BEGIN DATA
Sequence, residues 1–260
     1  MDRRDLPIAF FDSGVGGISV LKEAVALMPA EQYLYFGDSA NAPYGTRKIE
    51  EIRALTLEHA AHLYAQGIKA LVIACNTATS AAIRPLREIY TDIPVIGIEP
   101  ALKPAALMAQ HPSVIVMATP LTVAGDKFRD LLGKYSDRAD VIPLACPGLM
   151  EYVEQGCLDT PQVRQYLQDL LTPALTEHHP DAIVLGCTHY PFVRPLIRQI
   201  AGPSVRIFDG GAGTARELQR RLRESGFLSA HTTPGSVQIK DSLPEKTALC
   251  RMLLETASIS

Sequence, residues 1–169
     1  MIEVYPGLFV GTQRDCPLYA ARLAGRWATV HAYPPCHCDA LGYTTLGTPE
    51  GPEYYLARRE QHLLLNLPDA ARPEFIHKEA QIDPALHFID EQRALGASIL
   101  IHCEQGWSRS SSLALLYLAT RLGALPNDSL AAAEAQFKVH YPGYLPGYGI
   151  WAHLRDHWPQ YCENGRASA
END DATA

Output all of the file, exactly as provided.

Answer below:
Sequence, residues 1–260
     1  MDRRDLPIAF FDSGVGGISV LKEAVALMPA EQYLYFGDSA NAPYGTRKIE
    51  EIRALTLEHA AHLYAQGIKA LVIACNTATS AAIRPLREIY TDIPVIGIEP
   101  ALKPAALMAQ HPSVIVMATP LTVAGDKFRD LLGKYSDRAD VIPLACPGLM
   151  EYVEQGCLDT PQVRQYLQDL LTPALTEHHP DAIVLGCTHY PFVRPLIRQI
   201  AGPSVRIFDG GAGTARELQR RLRESGFLSA HTTPGSVQIK DSLPEKTALC
   251  RMLLETASIS

Sequence, residues 1–169
     1  MIEVYPGLFV GTQRDCPLYA ARLAGRWATV HAYPPCHCDA LGYTTLGTPE
    51  GPEYYLARRE QHLLLNLPDA ARPEFIHKEA QIDPALHFID EQRALGASIL
   101  IHCEQGWSRS SSLALLYLAT RLGALPNDSL AAAEAQFKVH YPGYLPGYGI
   151  WAHLRDHWPQ YCENGRASA